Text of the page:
Rumors are spreading among the well-informed in Lianga that the local municipal government may again (for the nth time) be embroiled in another financial controversy. This time, according to the rumors, high town officials may have improperly allocated government funds to buy a package of several vehicles supposedly for the use of the municipality in an allegedly questionable deal. While the purchase of a much needed firetruck and a police patrol car could have been justified, the talk around town has mentioned other additional vehicles - the purchase of which may be difficult to defend in view of the current precarious state of Lianga's fiscal health.
While a proper investigation about the actual transaction should be done at the earliest opportunity, it is clear here that any new charges of financial anomaly or irregularity that concerns the municipal government becomes always highly credible in view of what is generally perceived as a "culture of corruption" that pervades the municipal hall. After all, this is hardly the first time the town elders have been accused of dipping their hands in the town coffers, near empty it may be.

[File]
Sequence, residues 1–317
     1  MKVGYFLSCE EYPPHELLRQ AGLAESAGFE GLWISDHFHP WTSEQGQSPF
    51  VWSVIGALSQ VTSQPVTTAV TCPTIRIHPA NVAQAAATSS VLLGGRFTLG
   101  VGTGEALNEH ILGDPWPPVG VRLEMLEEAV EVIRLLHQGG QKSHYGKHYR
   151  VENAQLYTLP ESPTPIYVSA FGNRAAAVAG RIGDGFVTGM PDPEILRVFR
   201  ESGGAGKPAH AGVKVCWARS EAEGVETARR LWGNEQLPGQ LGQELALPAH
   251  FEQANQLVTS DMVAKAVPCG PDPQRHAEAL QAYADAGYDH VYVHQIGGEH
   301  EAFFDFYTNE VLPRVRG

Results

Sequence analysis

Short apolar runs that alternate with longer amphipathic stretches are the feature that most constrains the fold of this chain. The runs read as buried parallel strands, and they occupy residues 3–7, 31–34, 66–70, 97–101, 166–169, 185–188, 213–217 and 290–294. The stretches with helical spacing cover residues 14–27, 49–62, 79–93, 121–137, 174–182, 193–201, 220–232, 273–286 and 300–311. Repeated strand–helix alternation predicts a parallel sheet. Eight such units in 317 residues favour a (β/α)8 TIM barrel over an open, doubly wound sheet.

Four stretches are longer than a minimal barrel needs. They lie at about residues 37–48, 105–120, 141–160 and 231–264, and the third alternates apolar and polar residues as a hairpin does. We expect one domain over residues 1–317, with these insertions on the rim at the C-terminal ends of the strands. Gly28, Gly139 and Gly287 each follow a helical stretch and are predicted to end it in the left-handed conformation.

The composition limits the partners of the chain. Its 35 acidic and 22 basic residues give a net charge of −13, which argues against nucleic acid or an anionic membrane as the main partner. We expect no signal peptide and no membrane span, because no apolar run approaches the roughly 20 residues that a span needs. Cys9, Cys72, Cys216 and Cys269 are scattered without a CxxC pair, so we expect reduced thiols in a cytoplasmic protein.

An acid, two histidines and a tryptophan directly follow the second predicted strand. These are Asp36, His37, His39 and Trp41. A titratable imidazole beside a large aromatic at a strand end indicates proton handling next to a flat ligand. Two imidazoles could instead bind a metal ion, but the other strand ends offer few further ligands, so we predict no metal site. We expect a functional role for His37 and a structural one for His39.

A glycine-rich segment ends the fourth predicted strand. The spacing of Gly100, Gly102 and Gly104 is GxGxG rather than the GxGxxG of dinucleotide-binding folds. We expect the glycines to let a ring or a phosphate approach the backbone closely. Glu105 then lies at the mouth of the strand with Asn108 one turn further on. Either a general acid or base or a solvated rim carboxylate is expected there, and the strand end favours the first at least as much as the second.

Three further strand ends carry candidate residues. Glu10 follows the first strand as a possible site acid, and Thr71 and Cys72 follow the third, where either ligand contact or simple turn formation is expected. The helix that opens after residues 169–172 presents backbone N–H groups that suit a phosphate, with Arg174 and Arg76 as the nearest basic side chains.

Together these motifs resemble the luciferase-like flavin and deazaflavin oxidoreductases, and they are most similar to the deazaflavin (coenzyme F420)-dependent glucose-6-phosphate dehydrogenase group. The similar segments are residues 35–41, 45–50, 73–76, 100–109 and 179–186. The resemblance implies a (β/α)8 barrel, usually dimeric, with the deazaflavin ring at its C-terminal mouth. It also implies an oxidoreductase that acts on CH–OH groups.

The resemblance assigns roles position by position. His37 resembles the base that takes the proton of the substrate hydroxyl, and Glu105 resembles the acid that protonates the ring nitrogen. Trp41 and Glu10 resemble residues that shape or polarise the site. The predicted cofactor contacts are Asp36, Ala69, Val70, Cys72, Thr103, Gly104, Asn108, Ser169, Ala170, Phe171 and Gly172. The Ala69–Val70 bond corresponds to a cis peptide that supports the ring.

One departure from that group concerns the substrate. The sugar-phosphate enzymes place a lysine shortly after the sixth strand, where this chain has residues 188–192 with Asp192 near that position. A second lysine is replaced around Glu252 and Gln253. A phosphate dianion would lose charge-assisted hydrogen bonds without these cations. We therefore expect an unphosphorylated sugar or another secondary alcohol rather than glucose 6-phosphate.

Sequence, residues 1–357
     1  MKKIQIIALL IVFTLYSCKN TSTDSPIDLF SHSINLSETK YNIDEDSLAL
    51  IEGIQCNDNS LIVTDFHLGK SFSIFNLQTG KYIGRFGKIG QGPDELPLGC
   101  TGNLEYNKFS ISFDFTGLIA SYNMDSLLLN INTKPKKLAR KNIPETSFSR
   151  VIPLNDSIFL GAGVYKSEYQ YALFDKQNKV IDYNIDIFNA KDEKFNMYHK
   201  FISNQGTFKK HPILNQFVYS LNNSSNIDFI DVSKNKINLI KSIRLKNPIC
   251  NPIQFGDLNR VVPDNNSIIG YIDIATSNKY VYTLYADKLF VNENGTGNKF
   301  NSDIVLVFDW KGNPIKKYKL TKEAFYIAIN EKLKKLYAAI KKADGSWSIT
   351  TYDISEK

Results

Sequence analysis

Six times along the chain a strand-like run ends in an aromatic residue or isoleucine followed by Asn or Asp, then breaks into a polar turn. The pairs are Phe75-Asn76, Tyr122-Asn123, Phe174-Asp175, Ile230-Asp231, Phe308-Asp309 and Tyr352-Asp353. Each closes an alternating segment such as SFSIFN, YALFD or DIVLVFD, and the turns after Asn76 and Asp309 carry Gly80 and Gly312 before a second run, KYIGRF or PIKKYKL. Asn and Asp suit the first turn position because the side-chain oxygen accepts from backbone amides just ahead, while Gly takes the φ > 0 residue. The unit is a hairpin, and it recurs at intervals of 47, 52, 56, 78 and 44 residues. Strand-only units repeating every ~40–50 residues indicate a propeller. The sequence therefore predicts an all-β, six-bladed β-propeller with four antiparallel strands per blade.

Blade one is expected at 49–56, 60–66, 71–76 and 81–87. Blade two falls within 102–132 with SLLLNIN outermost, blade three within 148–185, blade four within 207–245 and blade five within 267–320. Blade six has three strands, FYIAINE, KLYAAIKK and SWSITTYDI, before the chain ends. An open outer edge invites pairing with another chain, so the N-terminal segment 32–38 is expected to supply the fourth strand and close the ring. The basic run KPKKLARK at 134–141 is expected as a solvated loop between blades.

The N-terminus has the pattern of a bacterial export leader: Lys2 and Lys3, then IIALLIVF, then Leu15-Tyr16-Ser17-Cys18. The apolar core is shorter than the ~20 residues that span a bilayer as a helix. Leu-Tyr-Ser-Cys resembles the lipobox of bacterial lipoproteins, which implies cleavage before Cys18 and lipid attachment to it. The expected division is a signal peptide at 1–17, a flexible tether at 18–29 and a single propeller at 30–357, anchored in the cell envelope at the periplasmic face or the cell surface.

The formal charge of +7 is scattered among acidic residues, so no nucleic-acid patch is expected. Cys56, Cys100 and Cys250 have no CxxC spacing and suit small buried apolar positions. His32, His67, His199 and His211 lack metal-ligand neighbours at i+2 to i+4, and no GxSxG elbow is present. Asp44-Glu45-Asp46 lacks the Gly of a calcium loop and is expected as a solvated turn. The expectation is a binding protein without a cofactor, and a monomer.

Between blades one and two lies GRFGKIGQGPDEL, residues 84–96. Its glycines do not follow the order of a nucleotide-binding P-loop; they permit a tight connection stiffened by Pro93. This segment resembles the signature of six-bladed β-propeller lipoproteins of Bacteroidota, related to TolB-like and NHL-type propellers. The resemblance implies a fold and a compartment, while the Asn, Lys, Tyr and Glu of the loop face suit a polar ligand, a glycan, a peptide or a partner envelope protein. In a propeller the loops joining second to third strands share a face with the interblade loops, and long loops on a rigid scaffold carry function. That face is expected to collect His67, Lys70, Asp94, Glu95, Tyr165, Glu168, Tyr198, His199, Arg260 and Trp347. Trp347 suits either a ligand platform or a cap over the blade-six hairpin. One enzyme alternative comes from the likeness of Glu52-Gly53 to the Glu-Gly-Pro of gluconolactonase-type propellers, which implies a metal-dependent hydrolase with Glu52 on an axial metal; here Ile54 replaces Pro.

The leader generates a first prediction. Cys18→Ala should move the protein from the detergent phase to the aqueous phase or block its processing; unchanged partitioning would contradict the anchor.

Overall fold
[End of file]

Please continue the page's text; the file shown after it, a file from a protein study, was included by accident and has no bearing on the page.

If that is so, then why are not the Lianguenos crying out in protest and demanding accountability and reforms? Why is there no public sense of anger and outrage? No demands for public accountability?
The fact remains that in a true democracy, public accountability is the result of a concerned and actively involved citizenry. An actively involved citizenry is informed and has access to the information he needs to make reasonable decisions concerning his government. An active and concerned citizenry manifests its power through the ballot and the right of suffrage - to elect government officials who will serve well and, in like manner, refuse to elect or remove from public office those who betray the public trust.
The truth is Lianga is not, at present, a democracy in the true sense of the word. Its local officials, despite the facade of regular elections, are not truly accountable to the public. There is no public opinion to fear. The townspeople know this in their hearts even if they don't like it or refuse to admit it. And that is why they remain silent.